As a performance-driven growth organization, we give each and every associate the tools they need to realize their full potential and succeed. Whether it’s your first day in a new role or you are preparing to move into leadership, you have access to limitless growth opportunities as a Gartner associate. How far you go is up to you.
At Gartner, we believe that as individuals, as communities, and as an organization, we are stronger and better by bringing diverse perspectives and experiences together. In celebration of Women’s History Month, we are highlighting the successes of our associates from across the world. Below, Katie Gove, Senior Director Analyst, Gartner Research & Advisory, shares her story and offers career advice for others looking to grow with Gartner.
Katie’s Career Story
I joined Gartner a little over a year ago because I wanted to be part of a large team doing meaningful work with broad impact. For the 10 years prior to joining Gartner, I ran my own company, which helped clients to develop and implement outsourcing strategies. Although I loved the work and the positive response from clients, I really missed being part of a team. Luckily for me, my work put me on Gartner’s radar, and in February 2018, I started as an analyst on the Sourcing and Vendor Management team in Research & Advisory. I work remotely from Copenhagen, Denmark, where I’ve lived since moving here from the U.S. almost 20 years ago.
My professional life has primarily been in consulting and research with a large focus on technology. For a time over the past few years, part of my work was on projects supporting IT sector development in emerging economies, among them, Bangladesh, Uganda and Kenya. A portion of these projects focused on increasing the role of women in the respective IT sectors. I saw firsthand that being part of the working world was an undeniably powerful enabler for personal and economic freedom for women AND resulted in better outcomes for society as a whole. Women’s History Month helps to bring focus to the urgency of increasing women’s role in economics, politics and society.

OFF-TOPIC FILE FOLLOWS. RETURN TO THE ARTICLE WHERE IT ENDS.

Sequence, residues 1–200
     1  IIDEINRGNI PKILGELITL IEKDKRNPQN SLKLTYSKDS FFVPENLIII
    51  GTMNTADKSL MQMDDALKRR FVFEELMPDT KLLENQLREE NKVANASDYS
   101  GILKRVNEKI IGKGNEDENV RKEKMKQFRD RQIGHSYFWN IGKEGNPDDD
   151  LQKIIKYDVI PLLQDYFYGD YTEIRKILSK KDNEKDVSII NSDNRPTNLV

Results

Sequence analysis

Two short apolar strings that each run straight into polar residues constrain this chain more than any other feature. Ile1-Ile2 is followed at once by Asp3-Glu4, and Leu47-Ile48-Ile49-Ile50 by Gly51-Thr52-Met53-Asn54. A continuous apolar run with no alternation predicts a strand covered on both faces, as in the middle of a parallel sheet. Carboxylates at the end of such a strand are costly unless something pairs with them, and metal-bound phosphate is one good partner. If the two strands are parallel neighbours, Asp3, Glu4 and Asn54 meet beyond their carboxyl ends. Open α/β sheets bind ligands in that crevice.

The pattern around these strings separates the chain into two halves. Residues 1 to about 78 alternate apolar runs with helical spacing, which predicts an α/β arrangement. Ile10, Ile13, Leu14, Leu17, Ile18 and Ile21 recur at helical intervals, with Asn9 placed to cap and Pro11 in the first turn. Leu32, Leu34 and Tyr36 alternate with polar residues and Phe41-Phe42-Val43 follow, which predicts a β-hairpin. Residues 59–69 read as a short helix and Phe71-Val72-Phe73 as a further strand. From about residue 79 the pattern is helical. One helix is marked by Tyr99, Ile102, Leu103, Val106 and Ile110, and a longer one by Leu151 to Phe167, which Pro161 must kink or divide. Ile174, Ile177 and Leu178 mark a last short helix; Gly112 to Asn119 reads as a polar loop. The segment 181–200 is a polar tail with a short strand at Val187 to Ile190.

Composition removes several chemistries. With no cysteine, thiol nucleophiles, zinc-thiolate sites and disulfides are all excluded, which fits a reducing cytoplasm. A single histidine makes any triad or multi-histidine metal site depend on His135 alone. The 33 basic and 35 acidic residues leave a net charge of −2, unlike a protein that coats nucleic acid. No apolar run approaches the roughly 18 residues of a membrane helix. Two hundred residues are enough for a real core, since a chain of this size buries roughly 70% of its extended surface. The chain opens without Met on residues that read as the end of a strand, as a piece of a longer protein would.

Katie’s Career Advice
My advice for young women entering the corporate world would be to develop an identity that is more than just your career. In fact, you should deliberately carve out some space that is not connected to your career. For example, I’m a rower. Few people in my row club understand what I do and we only rarely talk about work. Having a space where I’m something other than my career is truly important for my identity and enabling balance.
Balance means different things to different people. Define balance in your own terms. Keep in mind that there will be periods where you can’t achieve balance. Accept it. It won’t always be like that. You will sometimes, but not always, have balance in your life.
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